Grant School District Superintendent Matt Stines last week drew a line in the sand for school district voters. He said that if they don't approve an 85-cent per $100 property tax increase in March, he's turning in the paperwork to the regional school superintendent to dissolve the district. Students could be divided between multiple districts.
But why aren't he and the School Board working to voluntarily consolidate with Pontiac, the other Fairview Heights elementary district? Stines said there isn't money for a consolidation study, but it's ridiculous that the idea isn't even being discussed.
Even if the referendum passes, it would be more a short-term fix than a long-term solution. Grant doesn't have a strong property tax base but retail-rich Pontiac does.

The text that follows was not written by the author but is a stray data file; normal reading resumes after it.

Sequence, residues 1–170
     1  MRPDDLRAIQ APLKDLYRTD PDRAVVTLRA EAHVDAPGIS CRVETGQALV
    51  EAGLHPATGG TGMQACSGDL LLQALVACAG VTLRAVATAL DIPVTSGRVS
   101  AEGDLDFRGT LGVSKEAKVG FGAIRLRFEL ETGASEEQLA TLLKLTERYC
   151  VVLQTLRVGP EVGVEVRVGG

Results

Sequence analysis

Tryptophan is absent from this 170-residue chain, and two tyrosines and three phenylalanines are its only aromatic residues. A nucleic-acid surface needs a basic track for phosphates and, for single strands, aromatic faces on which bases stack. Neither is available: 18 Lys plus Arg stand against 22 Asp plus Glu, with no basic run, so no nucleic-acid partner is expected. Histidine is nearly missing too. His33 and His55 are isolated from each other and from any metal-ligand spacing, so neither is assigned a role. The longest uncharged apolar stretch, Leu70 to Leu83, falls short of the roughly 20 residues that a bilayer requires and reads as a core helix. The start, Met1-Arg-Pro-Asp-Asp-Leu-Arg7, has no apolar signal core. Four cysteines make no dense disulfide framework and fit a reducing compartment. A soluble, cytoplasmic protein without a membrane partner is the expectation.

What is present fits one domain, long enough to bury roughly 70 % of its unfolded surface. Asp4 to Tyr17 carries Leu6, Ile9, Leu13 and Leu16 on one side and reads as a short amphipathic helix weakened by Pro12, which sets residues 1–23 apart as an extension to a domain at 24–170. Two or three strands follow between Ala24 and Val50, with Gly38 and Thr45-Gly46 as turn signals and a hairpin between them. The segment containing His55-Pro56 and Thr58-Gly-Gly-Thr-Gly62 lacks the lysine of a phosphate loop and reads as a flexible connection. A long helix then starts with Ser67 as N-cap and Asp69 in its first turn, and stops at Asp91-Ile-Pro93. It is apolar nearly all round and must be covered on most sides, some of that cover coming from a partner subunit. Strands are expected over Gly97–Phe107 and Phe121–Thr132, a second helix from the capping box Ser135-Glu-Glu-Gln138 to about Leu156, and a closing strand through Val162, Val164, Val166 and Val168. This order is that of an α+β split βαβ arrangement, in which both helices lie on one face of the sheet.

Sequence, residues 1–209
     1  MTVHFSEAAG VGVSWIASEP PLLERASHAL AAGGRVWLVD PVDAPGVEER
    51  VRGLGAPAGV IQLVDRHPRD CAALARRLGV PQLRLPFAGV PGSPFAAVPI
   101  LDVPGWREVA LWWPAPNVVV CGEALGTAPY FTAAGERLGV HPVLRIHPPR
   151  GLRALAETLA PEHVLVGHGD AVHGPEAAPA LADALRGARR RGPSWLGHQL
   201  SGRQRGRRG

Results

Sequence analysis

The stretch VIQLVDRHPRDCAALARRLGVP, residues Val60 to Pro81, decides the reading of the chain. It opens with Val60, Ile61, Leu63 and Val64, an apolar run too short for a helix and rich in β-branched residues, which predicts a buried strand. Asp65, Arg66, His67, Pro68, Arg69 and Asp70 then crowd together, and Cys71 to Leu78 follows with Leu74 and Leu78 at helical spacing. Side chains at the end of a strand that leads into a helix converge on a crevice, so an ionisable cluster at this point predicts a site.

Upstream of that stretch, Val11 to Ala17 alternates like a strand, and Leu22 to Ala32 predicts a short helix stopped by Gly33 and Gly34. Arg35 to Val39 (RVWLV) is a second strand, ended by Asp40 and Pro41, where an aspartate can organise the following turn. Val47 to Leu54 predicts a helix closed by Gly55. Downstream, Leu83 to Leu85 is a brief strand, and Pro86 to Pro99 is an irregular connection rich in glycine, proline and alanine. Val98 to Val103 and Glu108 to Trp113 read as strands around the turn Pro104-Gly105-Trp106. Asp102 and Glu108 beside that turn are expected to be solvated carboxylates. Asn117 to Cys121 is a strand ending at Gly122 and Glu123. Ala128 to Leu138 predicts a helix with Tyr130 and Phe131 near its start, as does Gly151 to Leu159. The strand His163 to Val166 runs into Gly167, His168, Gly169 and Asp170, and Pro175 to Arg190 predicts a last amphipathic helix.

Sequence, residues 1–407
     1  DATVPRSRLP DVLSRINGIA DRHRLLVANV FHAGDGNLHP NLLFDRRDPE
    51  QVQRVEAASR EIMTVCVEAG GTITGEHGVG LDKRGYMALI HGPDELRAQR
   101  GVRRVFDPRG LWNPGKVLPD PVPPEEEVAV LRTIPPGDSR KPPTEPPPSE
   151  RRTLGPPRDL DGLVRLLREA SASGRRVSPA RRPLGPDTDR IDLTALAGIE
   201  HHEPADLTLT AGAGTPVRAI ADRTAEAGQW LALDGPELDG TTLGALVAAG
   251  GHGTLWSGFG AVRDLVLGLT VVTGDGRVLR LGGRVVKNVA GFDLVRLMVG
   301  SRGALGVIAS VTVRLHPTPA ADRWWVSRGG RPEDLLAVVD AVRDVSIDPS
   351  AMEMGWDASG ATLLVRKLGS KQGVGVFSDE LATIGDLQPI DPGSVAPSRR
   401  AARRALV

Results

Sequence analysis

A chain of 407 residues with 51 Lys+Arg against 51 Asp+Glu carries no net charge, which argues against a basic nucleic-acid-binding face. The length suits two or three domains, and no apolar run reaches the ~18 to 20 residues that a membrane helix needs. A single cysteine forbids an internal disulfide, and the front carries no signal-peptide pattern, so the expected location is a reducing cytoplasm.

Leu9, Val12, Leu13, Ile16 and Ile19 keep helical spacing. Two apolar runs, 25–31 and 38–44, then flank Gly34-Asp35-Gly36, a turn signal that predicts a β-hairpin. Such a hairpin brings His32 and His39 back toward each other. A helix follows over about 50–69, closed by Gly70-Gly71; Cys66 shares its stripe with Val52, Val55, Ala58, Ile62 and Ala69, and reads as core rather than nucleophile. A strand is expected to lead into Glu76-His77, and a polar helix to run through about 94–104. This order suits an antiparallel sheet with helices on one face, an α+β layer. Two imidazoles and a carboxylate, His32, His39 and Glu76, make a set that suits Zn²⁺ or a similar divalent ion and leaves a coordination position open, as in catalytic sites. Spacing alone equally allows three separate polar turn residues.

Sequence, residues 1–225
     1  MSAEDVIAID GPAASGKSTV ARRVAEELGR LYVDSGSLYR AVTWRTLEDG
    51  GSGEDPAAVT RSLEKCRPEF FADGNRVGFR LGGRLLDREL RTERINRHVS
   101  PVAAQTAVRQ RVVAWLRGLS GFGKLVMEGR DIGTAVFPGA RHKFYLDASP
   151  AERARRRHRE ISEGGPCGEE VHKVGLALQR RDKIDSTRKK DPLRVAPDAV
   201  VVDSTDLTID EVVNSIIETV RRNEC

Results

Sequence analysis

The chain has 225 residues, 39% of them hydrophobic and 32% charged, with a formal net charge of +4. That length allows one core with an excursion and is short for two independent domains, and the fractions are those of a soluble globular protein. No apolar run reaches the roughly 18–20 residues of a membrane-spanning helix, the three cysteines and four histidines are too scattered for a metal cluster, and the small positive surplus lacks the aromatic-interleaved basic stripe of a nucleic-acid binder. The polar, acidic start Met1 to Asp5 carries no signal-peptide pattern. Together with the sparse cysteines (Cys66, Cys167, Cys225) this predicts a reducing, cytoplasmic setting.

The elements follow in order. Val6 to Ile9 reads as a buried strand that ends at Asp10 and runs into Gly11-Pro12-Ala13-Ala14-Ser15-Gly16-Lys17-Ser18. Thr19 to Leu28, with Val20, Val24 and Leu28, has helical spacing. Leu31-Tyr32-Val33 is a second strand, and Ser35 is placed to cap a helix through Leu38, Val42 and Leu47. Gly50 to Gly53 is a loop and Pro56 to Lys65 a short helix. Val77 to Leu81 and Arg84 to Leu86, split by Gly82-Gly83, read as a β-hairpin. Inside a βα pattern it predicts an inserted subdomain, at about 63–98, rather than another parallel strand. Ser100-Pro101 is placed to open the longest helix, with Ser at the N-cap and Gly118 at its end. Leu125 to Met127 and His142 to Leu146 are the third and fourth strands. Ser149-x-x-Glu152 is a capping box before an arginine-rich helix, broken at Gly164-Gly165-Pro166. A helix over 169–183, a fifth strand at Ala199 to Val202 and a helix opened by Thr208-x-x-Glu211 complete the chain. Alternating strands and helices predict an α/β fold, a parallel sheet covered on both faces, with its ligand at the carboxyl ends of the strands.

It's also disappointing that, while student programs at Grant have been cut severely, and while the district wants more money from overburdened taxpayers, teachers' salaries have been frozen, not cut. Where will these teachers teach if the district is dissolved?
The Illinois Policy Institute also points out a couple excesses in the Grant teacher benefits: They can accumulate 360 sick days, which they can take as paid time off before they retire. They also can receive a 6 percent salary increases for as many as their last four years of service, and up to a $9,000 "post retirement incentive."
The lack of consolidation talks and the overly generous teacher contract terms underscore the lack of vision in this district. Long term, one elementary school district in Fairview Heights makes better sense than two, and it's unfortunate that no one's working toward that goal.